In the first few years of the PlayStation 2’s lifespan, two musical rythym games named Frequency and Amplitude were released by Rock Band developers Harmonix. Although both games received widespread critical acclaim, the series fell into obscurity until last year, when Harmonix decided to reboot the series through KickStarter. The campaign was an amazing success, and the fruits of their labours were released last week on PlayStation 4. The only question that remains, is the new Amplitude a sound that will be remembered, or will it be forgotten like the B Side from a one hit wonder on the other side of the cassette?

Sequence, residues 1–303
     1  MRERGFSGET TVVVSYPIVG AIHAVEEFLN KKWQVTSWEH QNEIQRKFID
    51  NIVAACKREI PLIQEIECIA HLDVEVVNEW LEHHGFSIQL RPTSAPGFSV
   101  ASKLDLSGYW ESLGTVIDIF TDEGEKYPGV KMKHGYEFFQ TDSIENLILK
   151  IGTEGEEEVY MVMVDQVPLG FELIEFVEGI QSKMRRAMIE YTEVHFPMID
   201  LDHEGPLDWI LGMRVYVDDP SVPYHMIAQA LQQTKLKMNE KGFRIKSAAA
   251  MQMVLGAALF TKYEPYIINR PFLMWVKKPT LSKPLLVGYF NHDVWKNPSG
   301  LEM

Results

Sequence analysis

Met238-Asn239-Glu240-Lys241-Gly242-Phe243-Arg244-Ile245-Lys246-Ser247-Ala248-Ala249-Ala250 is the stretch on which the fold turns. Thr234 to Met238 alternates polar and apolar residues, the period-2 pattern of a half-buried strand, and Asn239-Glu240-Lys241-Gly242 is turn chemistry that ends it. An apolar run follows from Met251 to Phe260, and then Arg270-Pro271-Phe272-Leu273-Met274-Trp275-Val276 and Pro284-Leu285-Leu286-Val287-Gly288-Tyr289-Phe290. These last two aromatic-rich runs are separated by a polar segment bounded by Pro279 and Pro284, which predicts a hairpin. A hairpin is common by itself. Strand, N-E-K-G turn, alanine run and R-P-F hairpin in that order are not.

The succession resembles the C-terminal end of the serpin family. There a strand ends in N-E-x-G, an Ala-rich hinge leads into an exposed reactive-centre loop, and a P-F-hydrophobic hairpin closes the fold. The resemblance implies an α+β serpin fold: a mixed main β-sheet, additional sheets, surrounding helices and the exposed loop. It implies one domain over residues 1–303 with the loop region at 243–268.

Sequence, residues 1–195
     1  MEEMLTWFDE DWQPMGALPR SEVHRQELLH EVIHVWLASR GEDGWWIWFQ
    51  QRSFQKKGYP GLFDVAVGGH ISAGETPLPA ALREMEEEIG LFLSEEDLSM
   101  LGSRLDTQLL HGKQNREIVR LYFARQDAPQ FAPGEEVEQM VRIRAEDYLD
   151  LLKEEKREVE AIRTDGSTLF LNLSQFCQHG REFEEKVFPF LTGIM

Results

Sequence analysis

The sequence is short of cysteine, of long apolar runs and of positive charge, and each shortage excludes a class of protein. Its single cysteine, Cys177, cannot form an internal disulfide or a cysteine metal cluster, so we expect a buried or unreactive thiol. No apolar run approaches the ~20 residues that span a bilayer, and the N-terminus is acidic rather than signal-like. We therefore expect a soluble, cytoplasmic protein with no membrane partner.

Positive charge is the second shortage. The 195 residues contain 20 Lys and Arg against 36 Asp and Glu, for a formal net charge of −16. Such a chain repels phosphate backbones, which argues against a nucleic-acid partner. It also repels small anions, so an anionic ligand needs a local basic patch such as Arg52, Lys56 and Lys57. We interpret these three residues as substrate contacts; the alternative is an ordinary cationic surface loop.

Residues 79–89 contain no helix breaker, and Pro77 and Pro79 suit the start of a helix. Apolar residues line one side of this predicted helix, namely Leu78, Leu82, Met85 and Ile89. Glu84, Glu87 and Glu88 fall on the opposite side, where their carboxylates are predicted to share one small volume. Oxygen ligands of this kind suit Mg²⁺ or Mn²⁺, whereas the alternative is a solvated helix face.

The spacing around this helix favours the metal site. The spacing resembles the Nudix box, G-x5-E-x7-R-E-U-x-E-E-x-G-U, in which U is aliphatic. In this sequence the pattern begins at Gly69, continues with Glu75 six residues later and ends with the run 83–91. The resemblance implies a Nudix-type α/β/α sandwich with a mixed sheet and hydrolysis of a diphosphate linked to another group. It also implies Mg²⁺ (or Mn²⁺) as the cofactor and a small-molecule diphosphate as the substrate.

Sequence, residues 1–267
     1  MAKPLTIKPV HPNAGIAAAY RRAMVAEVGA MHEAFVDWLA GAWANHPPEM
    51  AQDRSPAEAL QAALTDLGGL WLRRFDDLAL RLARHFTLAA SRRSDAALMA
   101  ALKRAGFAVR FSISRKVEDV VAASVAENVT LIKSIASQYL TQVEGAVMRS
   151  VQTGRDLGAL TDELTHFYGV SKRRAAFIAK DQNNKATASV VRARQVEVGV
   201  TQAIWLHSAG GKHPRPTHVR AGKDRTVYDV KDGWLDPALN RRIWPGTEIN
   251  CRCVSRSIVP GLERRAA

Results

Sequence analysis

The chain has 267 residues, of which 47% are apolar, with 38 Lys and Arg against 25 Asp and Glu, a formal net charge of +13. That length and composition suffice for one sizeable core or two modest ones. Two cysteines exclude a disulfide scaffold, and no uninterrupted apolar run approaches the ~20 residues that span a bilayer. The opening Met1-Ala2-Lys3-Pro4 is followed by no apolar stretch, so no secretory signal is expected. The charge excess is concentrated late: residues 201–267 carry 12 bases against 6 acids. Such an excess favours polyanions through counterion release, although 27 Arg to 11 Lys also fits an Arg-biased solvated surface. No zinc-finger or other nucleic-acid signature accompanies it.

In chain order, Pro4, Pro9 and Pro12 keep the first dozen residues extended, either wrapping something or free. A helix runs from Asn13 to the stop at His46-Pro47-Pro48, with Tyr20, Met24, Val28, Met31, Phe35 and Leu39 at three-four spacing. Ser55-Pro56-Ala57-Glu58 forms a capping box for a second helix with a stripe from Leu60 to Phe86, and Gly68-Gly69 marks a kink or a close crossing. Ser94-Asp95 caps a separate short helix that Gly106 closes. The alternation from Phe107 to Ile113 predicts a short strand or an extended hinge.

Like many rhythm action games, Amplitude is simple to learn and difficult to master. After choosing a Beat Blaster ship, the player must ride along a set of pathways that move in relation to the speed of the song. Each pathway represents a piece of the music track, such as the Drums, Vocals, Synth or Bass. When you have selected a track, you must destroy the note gems with correctly timed presses of either the shoulder or face buttons. Once you have cleared a certain amount of gems from a pathway, it will temporarily disappear, and that element of the track will play until the note gems return. No matter which difficulty you choose, the task of ensuring that each track plays perfectly, and obtaining a large combo is highly addictive. In my opinion, this approach is much more engaging than the Rock Band series. This is of course with the possible exception of Rock Band Unplugged for mobile devices, and Rock Band Blitz released on the PS3 and Xbox 360, which were Amplitude in all but name.